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New county airport manager anxious to help facility fly even higher

Donna Daniels
Staff Writer

Brian Condie showed up for his first day on the job as Garfield County Airport’s new manager turned out in a natty tweed jacket and a can-do attitude.

No sooner had he sat down in the county commissioners’ room in the courthouse than the commissioners put him on the spot.

They wanted his take on an application for a second fixed base operator at the airport. An FBO provides the usual services at an airport, fixing, maintaining and chartering planes. In addition, and what makes it a much-desired job, FBOs sell aviation fuel, thus reaping a tidy profit at busy airports such as Garfield County’s.

Without missing a beat, and having done his homework, Condie laid out his reasoning supporting the proposal.

Condie comes to the Rifle airport from Salt Lake City International Airport, where he was the terminal service coordinator.

“I was the go-to guy” for passenger complaints. “It was fun, especially helping distressed passengers,” he said.

Salt Lake City Airport, he added, “was big on service. I bring that aura with me. You bring me a problem and I will try to make everyone happy.”

Although his job at SLC airport was rewarding, Condie was ready for a change.

“After seven years I felt like I wanted to run my own airport,” he said.

Rifle was an ideal location. It’s only a 5-1/2 hour drive from Tooele, Utah, where his parents live.

Most importantly, his two older kids and wife, Terri, gave it a thumbs-up on their visit earlier this year.

“My wife is a small-town girl” who grew up in Lehi, Utah, Condie said.

Condie is California born and bred, but “grew up all over the West,” he said.

His dad was a CPA who bought up bankrupt companies and brought them back to health. They lived in San Diego, Escondido, Portland and Idaho. His father settled, finally, in Tooele, a small town close by the desolate military training grounds of eastern Utah.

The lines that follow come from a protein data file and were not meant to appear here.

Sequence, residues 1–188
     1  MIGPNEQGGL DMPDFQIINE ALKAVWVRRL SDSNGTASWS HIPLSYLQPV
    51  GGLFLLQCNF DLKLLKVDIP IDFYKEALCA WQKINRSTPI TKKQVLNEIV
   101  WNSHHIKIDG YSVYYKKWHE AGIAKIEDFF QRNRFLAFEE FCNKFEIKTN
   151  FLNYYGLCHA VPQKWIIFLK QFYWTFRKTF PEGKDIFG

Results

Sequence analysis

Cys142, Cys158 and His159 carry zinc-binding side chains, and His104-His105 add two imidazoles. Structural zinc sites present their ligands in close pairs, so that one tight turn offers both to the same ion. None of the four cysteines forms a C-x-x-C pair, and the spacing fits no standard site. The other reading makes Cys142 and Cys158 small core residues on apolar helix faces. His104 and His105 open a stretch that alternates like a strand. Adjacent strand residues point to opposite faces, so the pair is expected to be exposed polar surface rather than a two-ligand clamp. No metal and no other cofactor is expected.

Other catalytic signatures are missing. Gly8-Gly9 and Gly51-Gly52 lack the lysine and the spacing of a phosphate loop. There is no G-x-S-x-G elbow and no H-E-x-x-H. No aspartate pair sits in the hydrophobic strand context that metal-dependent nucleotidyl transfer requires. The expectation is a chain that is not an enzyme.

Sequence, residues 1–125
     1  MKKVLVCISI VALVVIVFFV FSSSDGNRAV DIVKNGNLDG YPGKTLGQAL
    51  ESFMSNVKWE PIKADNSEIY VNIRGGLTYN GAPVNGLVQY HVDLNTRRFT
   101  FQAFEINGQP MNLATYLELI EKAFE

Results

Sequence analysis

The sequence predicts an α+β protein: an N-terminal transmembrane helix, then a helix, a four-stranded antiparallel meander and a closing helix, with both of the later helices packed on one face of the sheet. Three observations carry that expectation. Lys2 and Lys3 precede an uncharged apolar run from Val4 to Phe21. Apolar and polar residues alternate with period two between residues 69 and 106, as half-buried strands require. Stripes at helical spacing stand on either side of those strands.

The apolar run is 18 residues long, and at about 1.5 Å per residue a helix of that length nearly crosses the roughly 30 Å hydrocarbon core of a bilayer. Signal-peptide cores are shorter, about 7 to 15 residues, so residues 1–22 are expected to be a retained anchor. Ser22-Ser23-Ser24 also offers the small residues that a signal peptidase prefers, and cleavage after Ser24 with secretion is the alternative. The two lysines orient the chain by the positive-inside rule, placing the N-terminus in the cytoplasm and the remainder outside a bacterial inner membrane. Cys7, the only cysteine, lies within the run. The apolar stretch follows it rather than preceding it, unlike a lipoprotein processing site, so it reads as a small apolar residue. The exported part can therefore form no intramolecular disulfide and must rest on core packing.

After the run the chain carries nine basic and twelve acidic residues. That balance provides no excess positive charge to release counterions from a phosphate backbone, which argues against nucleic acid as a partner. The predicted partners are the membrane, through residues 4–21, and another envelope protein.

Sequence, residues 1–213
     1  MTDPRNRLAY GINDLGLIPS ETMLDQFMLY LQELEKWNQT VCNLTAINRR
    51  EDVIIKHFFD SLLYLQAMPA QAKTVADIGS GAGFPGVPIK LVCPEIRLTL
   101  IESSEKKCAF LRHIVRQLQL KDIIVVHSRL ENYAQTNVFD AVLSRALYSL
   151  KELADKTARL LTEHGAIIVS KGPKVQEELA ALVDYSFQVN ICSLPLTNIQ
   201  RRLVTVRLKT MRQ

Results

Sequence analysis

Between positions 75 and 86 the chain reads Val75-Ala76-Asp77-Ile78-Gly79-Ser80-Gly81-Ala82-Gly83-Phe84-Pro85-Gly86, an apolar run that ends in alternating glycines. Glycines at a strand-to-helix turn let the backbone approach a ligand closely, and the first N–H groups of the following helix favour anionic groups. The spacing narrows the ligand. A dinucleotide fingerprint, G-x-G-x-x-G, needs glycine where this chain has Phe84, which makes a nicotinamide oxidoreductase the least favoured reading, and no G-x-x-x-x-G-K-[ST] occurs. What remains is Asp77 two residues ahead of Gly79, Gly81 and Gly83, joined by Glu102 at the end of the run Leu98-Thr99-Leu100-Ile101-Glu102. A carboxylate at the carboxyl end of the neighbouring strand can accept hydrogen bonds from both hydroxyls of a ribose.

Condie got into aviation when he was 21, when he learned to fly Robinson helicopters in San Diego.

“I got the aviation bug and I’ve been at it ever since,” he laughed.

He met and married Terri when they were undergrads at Utah State University in Logan.

They now have five children: Nicholas, 14, Juden, 12, Michal, 10, Alexis, 7 and Trenton, 5.

While in college, Condie got his pilot’s license and landed a job working for the FBO at a general aviation airport – that is, noncommercial – in Logan.

Three years later he landed the job at Salt Lake airport, where he oversaw aircraft maintenance and tenants, and passenger relations, and acted as a liaison with the Federal Aviation Administration.

His experience made him a quick sell with the Garfield County administration, but it took a little more effort to sell the idea to the kids.

In the little town they lived in near Tooele, “it was 20 minutes to everything,” that is, Salt Lake City. “Now it would be an hour to an hour and a half,” he told them.

But the good news was, they could get into the national forest for camping and fishing in under an hour. The kids liked the idea, Condie said.

With the family settled, Condie now has the daunting task of developing the airport into an economically viable concern.

Condie’s predecessor, Ken Maenpa, brought the airport a long way down that road. During his tenure, which ended in January, Maenpa initiated an ambitious improvement project at the airport that will see, by 2004, extended runways and improved taxiways.

Maenpa also brought private businesses to the airport and started the wheels rolling on a deal with commercial developer Bob Howard that will lead to a business park next door to the airport.

Now it’s Condie’s task to see all these deals through. He also must see that the county gets the grants it applied for to the FAA that will fund most of the improvements.

“The FAA (grant) is almost a done deal,” Condie said.

Condie is also about to review the airport’s master plan with engineering consultant Washington Infrastructure, which will revise the plan.

“The airport is in a good spot for growth,” Condie said. “My number one task is to talk to the commissioners about how they want it to grow.”

Monday, Condie spoke with the commissioners about the direction and speed of such growth.

With the expanded runway, the airport will be poised to receive larger business jets such as 737s and 757s, he said.

With more planes landing, there will be a need for more ramp or parking space, he added, as well as hangars.

But there is also a downside to growth, he said.

“Doubling the number of aircraft doubles the potential for noise complaints,” he said.

With his experience at a large metropolitan airport, Condie brings the vision of Rifle airport’s future.

“I’ve been where this airport will be in 10 to 15 years,” Condie said.


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